CULTURE

What Else Would Donald Trump Sharpie? #Sharpiegate

Twitter users jumped into action after Donald Trump promoted a sharpied forecast map of Hurricane Dorian.

@cu1gallery

Imagine if you had a massive following on Twitter (maybe because, hypothetically, you were the president of the United States or something), and you tweeted something scientifically inaccurate that had the potential to negatively affect thousands of people's lives.

Let's say, for example, that you thought a hurricane was going to hit a state that it was not in danger of hitting, despite there being no evidence to back you up.

Again, purely hypothetically, what if that state's National Weather Service (for argument's sake, we'll pretend it's Alabama) responded like, "Nah dawg."

If it were you, a sane, rational person who does not have a personality disorder, you would most likely say, "Whoops, my bad, I stand corrected. Here is the accurate information." Too bad you're not the president. Because if you were Donald Trump, you would double down. Hard.

Trump Dorian Jonathan Ernst/Reuters

See, Donald Trump couldn't accept the fact that he was wrong about the chance of Hurricane Dorian hitting Alabama. So he broke out an outdated National Hurricane Center forecast from nearly a week prior (that still did not show the storm hitting Alabama) and altered it with a sharpie. See that extended black circle around Alabama? Yeah. That's literally sharpie.

While some have noted that it may be illegal to alter official weather maps, mainly this is just proof that we are currently living in the stupidest version of reality.

Now, #TrumpSharpie and #Sharpiegate are trending on Twitter, and people are imagining all the other things Donald Trump could prove with a sharpie. It's magical.

For instance, here's Trump's proof that the US army really did take over British airports during the Revolutionary War in the late 1700s.

Here's Trump's proof that he really does have bigly hands.

Here's Trump's most recent hole-in-one from his daily tax payer-funded presidential golf outing.

And here's a candid shot of Trump on the course looking like an absolute unit, as usual.

Here's some solid evidence that Trump actually destroyed Hillary in the popular vote.

And here's how Trump is polling incredibly well against every possible Democrat nominee for 2020.

Turns out Trump wasn't lying about his crowd sizes, either!

Trump also officially completed the border wall. This is a fact, with photo receipts.

Trump never knew dead pedo-trafficker Jeffrey Epstein, either. He never even met the guy once.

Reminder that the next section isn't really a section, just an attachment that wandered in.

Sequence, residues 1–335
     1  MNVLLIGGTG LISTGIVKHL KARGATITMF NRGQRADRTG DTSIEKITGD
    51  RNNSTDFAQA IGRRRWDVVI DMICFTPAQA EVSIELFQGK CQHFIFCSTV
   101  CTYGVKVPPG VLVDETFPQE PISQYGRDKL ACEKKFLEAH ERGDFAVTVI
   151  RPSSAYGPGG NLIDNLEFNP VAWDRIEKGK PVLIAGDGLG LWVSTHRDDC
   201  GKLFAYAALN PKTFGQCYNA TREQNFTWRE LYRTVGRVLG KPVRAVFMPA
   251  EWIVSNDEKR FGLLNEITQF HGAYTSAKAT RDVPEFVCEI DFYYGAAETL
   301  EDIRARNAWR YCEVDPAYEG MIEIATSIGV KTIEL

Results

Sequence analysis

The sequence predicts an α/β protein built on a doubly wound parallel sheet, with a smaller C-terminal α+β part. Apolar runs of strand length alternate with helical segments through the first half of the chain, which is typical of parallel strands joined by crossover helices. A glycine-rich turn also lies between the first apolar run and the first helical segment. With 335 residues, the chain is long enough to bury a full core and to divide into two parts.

Lesson learned. If you want to be president, just lie about stuff and then draw sharpie pictures as evidence. Too easy!

Oh, and someone did this. It's not like the rest, because Donald Trump would never actually sharpie it. But oh man, it's just so good.

Anticipation is building for Vanity Fair's upcoming Gwyneth Paltrow "assassination article."

Paltrow has been feuding with the magazine since May, after sending out an email to her celebrity pals asking them to boycott the publication over an unauthorized feature they are preparing to run on her, which US Weekly reported as being "an epic takedown"—and Popdust has all the details.

"We started a story on her. We have a very good writer and it’ll run," Vanity Fair editor Graydon Carter told The Times of London in a recent interview—going on to explain that Paltrow's reaction to the news had "sort of forced my hand."

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"Vanity Fair is threatening to put me on the cover of their magazine," Paltrow wrote in her email. "If you are asked for quotes or comments, please decline. Also, I recommend you all never do this magazine again."

"Some famous people believe that they live in a cone of celebrity that protects them," Carter told The Times of London. "But it doesn’t really exist anymore in LA unless they stay in.

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"I mean, you can be a well-known movie star and go decades without getting an embarrassing picture in a magazine just by leading a quiet, normal life.

"We wouldn't be doing our job if there wasn't a little bit of tension between Vanity Fair and its subjects. In any given week, I can expect to hear from a disgruntled subject in Hollywood, Washington, or on Wall Street. That's the nature of the beast."